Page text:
Showcase

Schedule of the Day

August 14th, 2020

12:00 PM           Opening Ceremony

12:30 PM         Session I: Presentations by Medical, Food Insecurity, and Educational Impact Areas

2:40 PM          Break

3:00 PM          Session II: Presentations by Social, Economic, and Environmental Impact Areas

5:00 PM         Closing Ceremony

All times displayed are in EST

Opening & Closing Ceremonies

Presentations

Session I

12:30 PM – 2:40 PM EST

Room A

Medical Impact

12:40 PM – 1:00 PM                   Team 28

1:00 PM – 1:20 PM                     Team 11

1:20 PM – 1:40 PM                     Team 16

1:40 PM – 2:00 PM                    Team 17

2:00 PM – 2:20 PM                   Team 4

2:20 PM – 2:40  PM                  Team 27 

 

Room B

Food Insecurity

12:40 PM – 1:00 PM                  Team 3

1:00 PM – 1:20 PM                    Team 23+9

Medical Impact

1:20 PM – 1:40  PM                   Team 34

Room C

Educational Impact

12:40 PM – 1:00 PM                   Team 21

1:00 PM – 1:20 PM                     Team 46

1:20 PM – 1:40 PM                     Team 14   

1:40 PM – 2:00 PM                   Team 35

Session II

3:00 PM – 5:00 PM EST

Room D

Social Impact

3:00 PM – 3:20 PM                   Team 1

3:20 PM – 3:40 PM                   Team 18

3:40 PM – 4:00 PM                   Team 40

4:00 PM – 4:20 PM                   Team 48

4:20 PM – 4:40 PM                   Team 5

4:40 PM – 5:00 PM                  Team 44

Room E

Economic Impact

3:00 PM – 3:20 PM                  Team 45  Cancelled

3:20 PM – 3:40 PM                   Team 8

3:40 PM – 4:00 PM                  Team 20

4:00 PM – 4:20 PM                  Team 30

4:20 PM – 4:40 PM                  Team 31

4:40 PM – 5:00  PM                Team 22

Room F

Environmental Impact

3:20 PM – 3:40 PM                   Team 19

3:40 PM – 4:00 PM                  Team 25

4:00 PM – 4:20 PM                  Team 41

Social Impact

4:20 PM – 4:40 PM                 Team 2

Meet the Presenting Teams

Medical Impact

Team 28

 Isolation during the COVID-19 Pandemic

Minji Kwon, Anisha Nilakantan, Yun Lee, Yoona Lee

Older adults in the US, who either live by themselves or stay in nursing homes, are prone to feeling isolated during the pandemic as they spend more time indoors and face the fear of the unknown. There is currently a circle of support, in which volunteers make weekly phone calls to elders to chat or check if they need any physical help. However, this system could be inefficient as it randomly assigns volunteers to the adults, requires volunteers to fill out forms to participate, and does not allow older adults to call the volunteers. We plan to develop a mobile app that increases the efficiency of this system. The app will match older adults and volunteers based on their similarities, use a keyword transcription function that takes note of what the older adults say in phone calls, contain contacts from the community center database for older adults who need them, enable older adults to send anecdotes through text message to other adults in the circle, and have volunteers give follow-up calls to the older adults. This concept increases the efficiency of the existing system and will enable more older adults to get help and not feel isolated during this pandemic.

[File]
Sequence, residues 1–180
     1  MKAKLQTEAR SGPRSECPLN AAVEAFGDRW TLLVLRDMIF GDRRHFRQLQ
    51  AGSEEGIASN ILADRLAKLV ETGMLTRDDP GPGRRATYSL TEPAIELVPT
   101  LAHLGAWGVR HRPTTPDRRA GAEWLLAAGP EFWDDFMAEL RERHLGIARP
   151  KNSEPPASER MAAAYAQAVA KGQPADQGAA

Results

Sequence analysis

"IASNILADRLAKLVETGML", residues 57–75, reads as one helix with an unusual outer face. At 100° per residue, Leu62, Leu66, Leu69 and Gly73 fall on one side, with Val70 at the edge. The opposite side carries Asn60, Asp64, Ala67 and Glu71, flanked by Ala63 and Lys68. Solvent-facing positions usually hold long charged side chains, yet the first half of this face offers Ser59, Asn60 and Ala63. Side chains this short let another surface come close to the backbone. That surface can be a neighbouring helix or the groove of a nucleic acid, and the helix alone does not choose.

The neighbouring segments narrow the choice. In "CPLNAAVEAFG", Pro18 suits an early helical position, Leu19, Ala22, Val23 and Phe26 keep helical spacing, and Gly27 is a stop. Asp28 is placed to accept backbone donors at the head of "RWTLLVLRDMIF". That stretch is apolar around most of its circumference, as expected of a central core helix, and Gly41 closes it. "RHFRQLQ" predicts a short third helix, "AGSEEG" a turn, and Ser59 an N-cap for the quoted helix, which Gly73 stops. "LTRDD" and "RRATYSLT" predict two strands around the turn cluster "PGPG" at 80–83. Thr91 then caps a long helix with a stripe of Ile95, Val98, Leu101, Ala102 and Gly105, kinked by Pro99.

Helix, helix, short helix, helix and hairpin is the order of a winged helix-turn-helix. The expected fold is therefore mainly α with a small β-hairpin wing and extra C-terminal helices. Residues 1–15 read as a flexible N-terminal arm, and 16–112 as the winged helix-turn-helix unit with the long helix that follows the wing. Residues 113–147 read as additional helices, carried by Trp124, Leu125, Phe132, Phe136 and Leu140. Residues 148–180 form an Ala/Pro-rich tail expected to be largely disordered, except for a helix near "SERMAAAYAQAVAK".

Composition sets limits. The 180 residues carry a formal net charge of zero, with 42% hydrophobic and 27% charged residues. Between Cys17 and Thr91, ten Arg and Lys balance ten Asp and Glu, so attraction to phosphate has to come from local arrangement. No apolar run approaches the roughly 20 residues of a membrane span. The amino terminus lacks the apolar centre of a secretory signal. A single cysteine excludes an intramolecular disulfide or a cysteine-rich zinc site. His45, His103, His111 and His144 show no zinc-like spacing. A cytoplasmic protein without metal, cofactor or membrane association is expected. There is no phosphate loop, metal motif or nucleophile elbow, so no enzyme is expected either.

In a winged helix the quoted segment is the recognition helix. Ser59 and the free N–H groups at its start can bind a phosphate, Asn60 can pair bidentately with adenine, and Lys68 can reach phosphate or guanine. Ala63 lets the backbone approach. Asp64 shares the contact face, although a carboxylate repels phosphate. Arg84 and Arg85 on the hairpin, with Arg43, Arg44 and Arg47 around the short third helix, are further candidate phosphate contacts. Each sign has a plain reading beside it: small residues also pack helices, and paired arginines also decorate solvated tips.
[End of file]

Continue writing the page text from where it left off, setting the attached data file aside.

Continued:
Team 11

Autonomous Robot for Prevention of COVID-19 Spread

Stuart Shim, Kyuwon Weon, Shannon Ha, Joohyun Lee, Jamie Ho

Our project plans to eliminate the worry of coronavirus for the Carnegie Mellon community. The proposed project aims to design an autonomous robot capable of moving itself around specific areas on campus to not only screen the masses for fever, but also alert individuals to wear some sort of facial covering at all times using thermal cameras and Python code with the OpenCV module. In short, our robot will provide the CMU campus with an additional safety measures against the spread of COVID-19.

 

Team 16

Improving the Efficiency and Safety of COVID-19 Testing

Hannah Clausi, Jocelyn Chan, Thomas Musial, Joseph Jang, Jason Steranko, Suraj Nair

Rapid, safe, and widely available testing is crucial to slowing the spread of the COVID-19 pandemic. While testing is often available at hospitals or drive-through clinics, these centers are often plagued by long wait times. Wait times have been reported as long as 9 hours. These astronomical wait times mean that fewer people can be tested, that some people will turn away due to the wait times, and that people will be in public and potentially exposed to COVID-19 for longer. Our solution is a wait time tracker app. Medical professionals will check off each step as patients are tested, and patients may place themselves in the queue. This will allow patients to see a live wait time at multiple centers near them, allowing them to spread out and avoiding overwhelming one testing center. This will allow for more and safer testing. While some apps exist that can track wait time at urgent cares, they only support appointments, not walk-ins, and as such are not appropriate for drive through testing, as our app would be.

 

Team 17

Enhancing Virtual Healthcare Systems

Tate Johnson, Jessica Inacio, Sabine Jung, Maanasi Bulusu